Expoagro became a diversified political summit at the beginning of the electoral campaign

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The passage of politicians of all stripes through Expoagro continues to be a phenomenon that many find difficult to decipher. There are even those who believe it they shouldn’t step on the mega champion. The argument is that the 200,000 million dollars That the State has charged campaigns in withholding taxes, only in the last two decades, is a stain that should exclude those who have managed the public accounts from the paradigmatic open-field meeting in Argentina.

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And in this context of severe droughtwhich is leaving many farmers bankrupt or with the “rational” desire to devote themselves to something else, the philosophical split becomes more polarized among the interventionist positions with those who work and invest at private risk. However, there is another possible look, which allows us to see things in a cinematographic key, beyond the photo.

The Minister of the Interior, Wado de Pedro, was the protagonist of the ribbon cutting that opened the exhibition and of the institutional dinner, where he intervened “as a producer” and stated that “the challenge that awaits us is to unite Peronism with the campaign again because it is the political force that promotes the production model”.

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He also stated that “there is no federalism or rootedness if the agricultural sector does not do well, because in the interior of Argentina a large part of the population lives from the agricultural sector”.

Beyond the fact that those sentences sounded controversial to the ears of the farmers, they can be read as a possible self-criticism.

It is clear that De Pedro is closely related to Cristina Kirchner, the politician considered in the field as the head of the tax burden (and other measures) which led to the disappearance of thousands of small producers, who could not bear the taxes, restrictions and constant changes in the rules of the game, even though those in charge say they defend them… The Presidents of Juntos were also there: Gerardo Morales, Horacio Rodríguez Larreta, Patricia Bullrich and Facundo Manes, who received questions at Expoagro on what they will do with the withholding taxes and exchange rate gaps in case of ruling the country from December.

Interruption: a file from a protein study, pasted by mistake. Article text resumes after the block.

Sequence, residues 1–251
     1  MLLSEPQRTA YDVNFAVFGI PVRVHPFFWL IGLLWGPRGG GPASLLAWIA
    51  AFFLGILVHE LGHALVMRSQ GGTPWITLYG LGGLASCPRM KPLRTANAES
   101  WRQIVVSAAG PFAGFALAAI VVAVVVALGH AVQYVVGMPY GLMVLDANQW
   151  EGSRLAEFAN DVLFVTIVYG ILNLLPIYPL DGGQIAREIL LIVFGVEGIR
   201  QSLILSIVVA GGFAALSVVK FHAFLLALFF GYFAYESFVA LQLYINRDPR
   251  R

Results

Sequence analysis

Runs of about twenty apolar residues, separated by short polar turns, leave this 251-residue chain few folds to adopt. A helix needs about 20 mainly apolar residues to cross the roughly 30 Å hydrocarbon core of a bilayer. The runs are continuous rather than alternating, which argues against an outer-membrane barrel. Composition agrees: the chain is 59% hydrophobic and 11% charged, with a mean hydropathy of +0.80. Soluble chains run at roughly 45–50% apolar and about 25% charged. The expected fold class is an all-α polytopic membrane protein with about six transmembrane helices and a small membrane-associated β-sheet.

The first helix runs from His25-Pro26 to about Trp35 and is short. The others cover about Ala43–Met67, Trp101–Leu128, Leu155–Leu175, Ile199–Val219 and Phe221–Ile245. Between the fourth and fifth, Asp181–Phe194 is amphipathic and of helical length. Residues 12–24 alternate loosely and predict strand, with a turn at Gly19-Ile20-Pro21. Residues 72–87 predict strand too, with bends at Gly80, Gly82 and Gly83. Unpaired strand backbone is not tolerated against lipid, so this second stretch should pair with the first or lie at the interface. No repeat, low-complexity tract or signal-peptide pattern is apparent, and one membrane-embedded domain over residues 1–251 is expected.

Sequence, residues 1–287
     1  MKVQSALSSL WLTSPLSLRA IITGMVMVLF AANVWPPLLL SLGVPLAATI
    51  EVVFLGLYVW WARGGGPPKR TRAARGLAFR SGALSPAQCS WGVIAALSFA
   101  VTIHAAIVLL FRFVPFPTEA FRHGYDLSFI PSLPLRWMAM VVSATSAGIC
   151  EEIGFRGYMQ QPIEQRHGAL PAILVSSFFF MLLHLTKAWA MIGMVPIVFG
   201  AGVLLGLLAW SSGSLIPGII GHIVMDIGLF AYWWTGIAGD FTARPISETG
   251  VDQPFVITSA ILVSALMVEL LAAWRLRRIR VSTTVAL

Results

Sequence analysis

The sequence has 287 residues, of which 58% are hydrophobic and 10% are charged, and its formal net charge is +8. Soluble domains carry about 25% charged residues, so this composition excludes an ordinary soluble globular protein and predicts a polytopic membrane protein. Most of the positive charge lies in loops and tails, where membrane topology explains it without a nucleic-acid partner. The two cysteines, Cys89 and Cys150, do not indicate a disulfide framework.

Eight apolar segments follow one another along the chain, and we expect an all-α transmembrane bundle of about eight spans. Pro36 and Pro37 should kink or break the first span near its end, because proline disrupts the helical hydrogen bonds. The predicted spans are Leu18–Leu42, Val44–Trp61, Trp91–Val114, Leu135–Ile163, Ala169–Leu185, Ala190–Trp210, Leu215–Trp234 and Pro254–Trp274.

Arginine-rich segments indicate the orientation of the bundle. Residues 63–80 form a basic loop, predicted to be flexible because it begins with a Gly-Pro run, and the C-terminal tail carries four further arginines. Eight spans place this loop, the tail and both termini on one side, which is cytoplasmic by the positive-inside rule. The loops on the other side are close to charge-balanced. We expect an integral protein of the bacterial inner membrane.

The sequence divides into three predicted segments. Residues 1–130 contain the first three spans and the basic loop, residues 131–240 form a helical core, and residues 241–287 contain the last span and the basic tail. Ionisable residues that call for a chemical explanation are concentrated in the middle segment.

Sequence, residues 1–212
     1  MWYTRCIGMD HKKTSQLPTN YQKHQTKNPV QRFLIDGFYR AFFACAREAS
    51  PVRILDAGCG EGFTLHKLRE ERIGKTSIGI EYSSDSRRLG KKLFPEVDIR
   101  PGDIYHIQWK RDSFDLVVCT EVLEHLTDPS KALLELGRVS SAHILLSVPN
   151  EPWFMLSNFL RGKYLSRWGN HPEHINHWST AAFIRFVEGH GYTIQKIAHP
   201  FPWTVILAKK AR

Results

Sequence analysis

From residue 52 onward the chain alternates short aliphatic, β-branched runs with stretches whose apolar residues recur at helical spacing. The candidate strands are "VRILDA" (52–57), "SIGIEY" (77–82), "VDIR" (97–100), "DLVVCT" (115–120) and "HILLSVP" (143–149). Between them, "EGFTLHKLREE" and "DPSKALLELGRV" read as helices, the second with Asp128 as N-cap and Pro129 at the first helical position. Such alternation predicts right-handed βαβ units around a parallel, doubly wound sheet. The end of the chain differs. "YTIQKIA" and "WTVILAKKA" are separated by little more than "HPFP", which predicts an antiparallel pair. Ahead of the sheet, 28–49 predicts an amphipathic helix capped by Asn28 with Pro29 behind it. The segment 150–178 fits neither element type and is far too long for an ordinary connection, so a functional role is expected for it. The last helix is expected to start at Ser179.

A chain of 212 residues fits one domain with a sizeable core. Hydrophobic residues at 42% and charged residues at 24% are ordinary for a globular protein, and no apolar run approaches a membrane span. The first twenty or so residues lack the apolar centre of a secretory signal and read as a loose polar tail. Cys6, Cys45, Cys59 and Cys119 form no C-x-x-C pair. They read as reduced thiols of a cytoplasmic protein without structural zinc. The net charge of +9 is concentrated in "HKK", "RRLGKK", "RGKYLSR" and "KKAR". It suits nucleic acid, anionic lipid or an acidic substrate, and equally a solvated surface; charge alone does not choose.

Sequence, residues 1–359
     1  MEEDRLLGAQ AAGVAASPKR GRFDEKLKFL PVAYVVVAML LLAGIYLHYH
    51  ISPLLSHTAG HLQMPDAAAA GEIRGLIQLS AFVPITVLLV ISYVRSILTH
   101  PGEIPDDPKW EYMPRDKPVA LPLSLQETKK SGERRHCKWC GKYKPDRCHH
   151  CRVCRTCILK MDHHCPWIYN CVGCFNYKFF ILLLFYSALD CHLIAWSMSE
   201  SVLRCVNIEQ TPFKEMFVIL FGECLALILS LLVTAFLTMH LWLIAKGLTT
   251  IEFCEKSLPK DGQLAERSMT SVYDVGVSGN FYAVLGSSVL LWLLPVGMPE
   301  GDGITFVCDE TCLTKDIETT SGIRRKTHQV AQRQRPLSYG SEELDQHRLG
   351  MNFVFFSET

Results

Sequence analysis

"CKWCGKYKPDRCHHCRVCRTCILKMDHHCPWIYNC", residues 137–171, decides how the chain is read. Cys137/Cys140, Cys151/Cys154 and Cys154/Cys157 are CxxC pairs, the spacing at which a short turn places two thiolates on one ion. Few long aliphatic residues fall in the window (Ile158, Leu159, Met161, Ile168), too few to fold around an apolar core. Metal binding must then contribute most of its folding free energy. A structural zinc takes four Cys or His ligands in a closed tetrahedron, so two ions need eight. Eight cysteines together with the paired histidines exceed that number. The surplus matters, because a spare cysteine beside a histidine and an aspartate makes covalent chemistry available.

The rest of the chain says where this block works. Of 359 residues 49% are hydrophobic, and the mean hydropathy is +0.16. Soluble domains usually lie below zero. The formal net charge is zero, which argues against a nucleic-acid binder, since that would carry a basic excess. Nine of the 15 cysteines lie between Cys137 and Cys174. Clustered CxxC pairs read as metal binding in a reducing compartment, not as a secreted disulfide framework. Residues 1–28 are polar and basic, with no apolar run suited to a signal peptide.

The background is that, in view of the next elections, no one “of political weight” wants to come face to face with the camp. There seems to be less scope for unfiltered firecrackers, because their voices against the “concentrated oligarchy” fade as soon as the 6-hectare producers show up at the crossroads, asking to be allowed to work… This is the case of Carlos Achetoni , president of the Argentine Agrarian Federation, who in the last demonstration, on February 28, at Villa Constitución, set a deadline for the Government: this Monday the 13 solutions must emerge. In this sense, the self-convened producers have taken the date as a reference and tomorrow, from 8, they will demonstrate in Guerrico, north of Buenos Aires, at the intersection of state road 188 with the road to La Violeta.

It will also be a way to remember the 15th anniversary of the protest against resolution 125, which established mobile withholding taxes on 11 March 2008: in the case of soybeans, it entailed an increase in import duties from 35% to levels close to 50%, depending on the trend in international prices. That “war” lasted 4 months and ended with one of the most sensational defeats of Kirchnerism.

However, the camp’s problems still apply. And the “diplomatic” improvements have not cleared up the disagreements. The young mayor of San Nicolás, Manuel Passaglia, 35, raised skepticism about politicians’ praise for the camp. He recalled having heard “countless times that agribusiness is Argentina’s engine… and at the same time I also saw how the countryside was harassed by a state more concerned with squeezing it than exploiting its potential.”

All in all, the municipal leader who hosts the Expo, who comes from Peronism and is now a member of Juntos, has no doubts that “the countryside continues to be the hope of sustenance to which we Argentines cling to believe in a solution to the problems more complex”.

It is worth remembering that in almost all countries of the world, starting with Europe, but also in the United States, rural workers are subsidised. And the neighbors in Latin America have grown economically and socially hand in hand with the policies to stimulate agro-industrial exports. Argentina is a “rare case, you don’t understand why people are shot in the foot”, said former Uruguayan president José Mujica.

Source: Clarin

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